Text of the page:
The season of either excitement or disappointment is here.
Opening Day brings fans World Series aspirations or Twitter fingers calling for firings up and down the front office. What comes the day after, however, is a look to the future.
Minor league rosters have been announced, as the season starts Thursday across all top levels. Here's where the Giants' top prospects will begin the 2019 season, though there will be plenty of changes throughout the year.
*Marco Luciano, whom I have as the Giants' No. 2 prospect, is not on the list due to the fact that it's unknown if he'll make his debut in the Arizona Rookie League at just 17 years old.
Joey Bart, Catcher
Joey Bart to the Giants! Well, not exactly.
Bart will skip Low-A and start his first full season in the minors with the San Jose Giants in Advanced Single-A. The No. 2 pick in the 2018 MLB Draft burst on the scene last season by hitting .298 with 13 home runs in 45 games of short-season Single-A for the Salem-Keizer Volcanoes.
Bart impressed Giants coaches and teammates alike this spring. He hit .350 with one home run, two doubles and seven RBI in 15 games, and won the Barney Nugent Award, which is given annually to the player who performs best in his first big league camp.
If you're in the Bay Area, get a ticket to see Bart in San Jose at the beginning of the season. He'll move up the ranks in a hurry.
Heliot Ramos, OF
Joining Bart in San Jose is the Giants' 2017 first-round pick.
Ramos, 19, had a down year in Low-A Augusta, hitting .245 with 136 strikeouts in 124 games. But the ultra-athletic outfielder also hit 24 doubles, eight triples and 11 home runs.
The strikeouts and .313 on-base percentage aren't encouraging, but Ramos still is so young. He has the potential to hit 20 homers and steal bases. Watching him in the same lineup as Bart should be a lot of fun.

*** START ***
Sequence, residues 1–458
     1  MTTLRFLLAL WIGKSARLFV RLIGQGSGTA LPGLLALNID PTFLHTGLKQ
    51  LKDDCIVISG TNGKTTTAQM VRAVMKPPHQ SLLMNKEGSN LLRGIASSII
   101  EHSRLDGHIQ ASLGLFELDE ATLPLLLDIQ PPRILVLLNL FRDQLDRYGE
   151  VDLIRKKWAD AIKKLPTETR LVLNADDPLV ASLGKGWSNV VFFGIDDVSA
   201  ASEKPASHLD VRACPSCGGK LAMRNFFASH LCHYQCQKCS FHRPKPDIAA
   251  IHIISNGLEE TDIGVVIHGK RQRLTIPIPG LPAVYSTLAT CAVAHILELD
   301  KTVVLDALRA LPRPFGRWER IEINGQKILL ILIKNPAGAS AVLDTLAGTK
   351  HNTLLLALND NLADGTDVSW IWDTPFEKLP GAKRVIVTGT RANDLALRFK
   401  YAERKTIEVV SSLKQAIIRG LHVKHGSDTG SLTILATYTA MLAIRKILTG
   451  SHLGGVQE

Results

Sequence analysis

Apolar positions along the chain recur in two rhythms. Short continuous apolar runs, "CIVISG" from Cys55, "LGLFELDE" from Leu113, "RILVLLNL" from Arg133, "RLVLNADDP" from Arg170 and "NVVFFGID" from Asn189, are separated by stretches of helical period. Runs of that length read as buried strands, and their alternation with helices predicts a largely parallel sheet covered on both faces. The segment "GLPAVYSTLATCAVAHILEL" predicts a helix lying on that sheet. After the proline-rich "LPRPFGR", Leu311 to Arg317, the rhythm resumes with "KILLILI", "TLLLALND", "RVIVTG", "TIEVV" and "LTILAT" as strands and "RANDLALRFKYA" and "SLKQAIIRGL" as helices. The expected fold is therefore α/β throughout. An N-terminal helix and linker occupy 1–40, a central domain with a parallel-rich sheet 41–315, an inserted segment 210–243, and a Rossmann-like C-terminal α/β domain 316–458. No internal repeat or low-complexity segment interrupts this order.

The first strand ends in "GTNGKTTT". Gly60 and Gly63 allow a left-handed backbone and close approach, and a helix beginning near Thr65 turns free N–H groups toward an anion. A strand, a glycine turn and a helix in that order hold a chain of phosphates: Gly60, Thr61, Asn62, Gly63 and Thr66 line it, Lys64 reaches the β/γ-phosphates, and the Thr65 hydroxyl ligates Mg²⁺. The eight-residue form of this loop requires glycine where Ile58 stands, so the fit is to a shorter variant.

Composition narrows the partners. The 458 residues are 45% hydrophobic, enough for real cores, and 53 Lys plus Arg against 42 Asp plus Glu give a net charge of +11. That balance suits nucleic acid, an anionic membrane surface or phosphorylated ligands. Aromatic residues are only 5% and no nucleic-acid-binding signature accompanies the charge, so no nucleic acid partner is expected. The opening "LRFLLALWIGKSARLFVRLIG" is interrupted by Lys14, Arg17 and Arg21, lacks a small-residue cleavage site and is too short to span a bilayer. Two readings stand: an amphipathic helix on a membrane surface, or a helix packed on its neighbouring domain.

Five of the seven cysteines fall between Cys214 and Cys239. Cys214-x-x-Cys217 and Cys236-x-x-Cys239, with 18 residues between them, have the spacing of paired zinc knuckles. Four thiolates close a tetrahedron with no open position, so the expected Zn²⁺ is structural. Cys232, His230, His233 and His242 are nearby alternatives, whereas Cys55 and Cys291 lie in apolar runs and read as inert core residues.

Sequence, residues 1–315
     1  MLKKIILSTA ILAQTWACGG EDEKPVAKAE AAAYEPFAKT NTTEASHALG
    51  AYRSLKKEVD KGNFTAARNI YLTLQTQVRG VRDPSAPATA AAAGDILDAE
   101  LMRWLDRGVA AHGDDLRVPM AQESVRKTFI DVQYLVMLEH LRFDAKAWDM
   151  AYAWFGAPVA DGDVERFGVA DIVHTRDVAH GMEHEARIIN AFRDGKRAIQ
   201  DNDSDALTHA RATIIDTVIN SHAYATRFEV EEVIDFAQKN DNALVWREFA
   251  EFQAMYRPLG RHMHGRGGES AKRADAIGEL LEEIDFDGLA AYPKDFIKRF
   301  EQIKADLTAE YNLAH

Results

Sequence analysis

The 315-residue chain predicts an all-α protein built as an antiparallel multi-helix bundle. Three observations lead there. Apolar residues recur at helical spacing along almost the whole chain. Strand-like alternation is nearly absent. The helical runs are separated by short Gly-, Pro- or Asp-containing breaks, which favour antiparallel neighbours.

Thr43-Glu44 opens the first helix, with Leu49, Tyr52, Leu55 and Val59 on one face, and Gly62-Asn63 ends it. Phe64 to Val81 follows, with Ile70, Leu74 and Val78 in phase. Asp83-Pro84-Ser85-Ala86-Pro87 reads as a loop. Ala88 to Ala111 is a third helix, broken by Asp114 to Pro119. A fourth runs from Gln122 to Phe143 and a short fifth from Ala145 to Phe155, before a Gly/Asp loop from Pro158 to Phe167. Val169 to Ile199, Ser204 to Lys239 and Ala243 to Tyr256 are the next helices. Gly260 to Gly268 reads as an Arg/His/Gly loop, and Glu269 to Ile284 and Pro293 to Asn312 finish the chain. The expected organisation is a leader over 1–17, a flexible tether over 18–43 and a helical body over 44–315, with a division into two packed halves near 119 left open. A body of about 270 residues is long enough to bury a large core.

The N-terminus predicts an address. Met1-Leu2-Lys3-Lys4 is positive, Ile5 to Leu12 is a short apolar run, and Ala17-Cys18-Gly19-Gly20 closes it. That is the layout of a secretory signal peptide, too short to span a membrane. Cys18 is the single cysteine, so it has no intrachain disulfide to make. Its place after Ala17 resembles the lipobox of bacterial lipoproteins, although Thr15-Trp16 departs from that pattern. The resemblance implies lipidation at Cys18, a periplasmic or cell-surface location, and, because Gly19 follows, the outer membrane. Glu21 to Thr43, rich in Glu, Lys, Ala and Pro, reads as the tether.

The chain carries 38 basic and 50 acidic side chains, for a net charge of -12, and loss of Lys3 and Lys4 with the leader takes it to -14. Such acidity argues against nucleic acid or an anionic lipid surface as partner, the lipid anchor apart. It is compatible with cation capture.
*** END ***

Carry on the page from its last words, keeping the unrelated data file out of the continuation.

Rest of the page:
Shaun Anderson, RHP
Anderson will headline a solid staff in Triple-A Sacramento, though he should make his big league debut at some point this season. He impressed Giants manager Bruce Bochy by throwing three innings on short notice against the A's in an exhibition before the season opener.
The Giants acquired Anderson from the Red Sox for Eduardo Nunez at the 2017 trade deadline. Anderson made his Triple-A debut last season, going 2-2 with a 4.18 ERA.
Logan Webb, RHP
Webb, a Rocklin native, is the Giants' fastest rising prospect. He finished the 2018 season at Double-A Richmond and will start there this year as well.
The 22-year-old posted a 1.82 ERA in 74 innings for San Jose before his promotion. If he continues to progress, Webb could wind up in Sacramento this season.
Sean Hjelle, RHP
The Giants' second-round pick is joining a stacked pitching staff to start the season in Low-A Augusta. But he'll certainly stick out in the rotation at 6-foot-11. Yes, you read that right.
Hjelle is a really good athlete for his size. He doesn't exactly have the power stuff that one might expect at his height, but he is a polished young arm.
Other notable names
-- The biggest surprise of the Giants' minor league rosters is Chris Shaw. After he got a cup of coffee in the bigs last season, he's been demoted to Double-A.
After two years in Triple-A, Chris Shaw will start the season back with Double-A Richmond. Outfielders in Sacramento are Gerber, Garcia, Henry Ramos, Slater and Yastrzemski.— Alex Pavlovic (@PavlovicNBCS) March 29, 2019
Shaw last spent time in Double-A two seasons ago. He'll get everyday at-bats, and it'll be interesting to see how long he stays there.
-- Seriously, the Augusta GreenJackets are starting the season with a stacked pitching staff. It was thought Wong, Hjelle or Santos could have started in San Jose, though they easily can get there in no time.
P: Gregory Santos, Sean Hjelle, Jake Wong, Juan De Paula, Seth Corry, Blake Rivera, Keaton Winn, CJ Gettman, Jesus Tona, Franklin Van Gurp, Solomon Bates, Ryan Walker, Preston White, Matt Frisbee, Tyler Schimpf.— GPT (@giantsprospects) March 29, 2019
-- Jacob Gonzalez, the Giants' second-round pick from 2017 and the son of Luis Gonzalez, again will be in Low-A Augusta. He's slid down prospect rankings after a rough first full season in the minors, but the potential with his bat still is there at just 20 years old.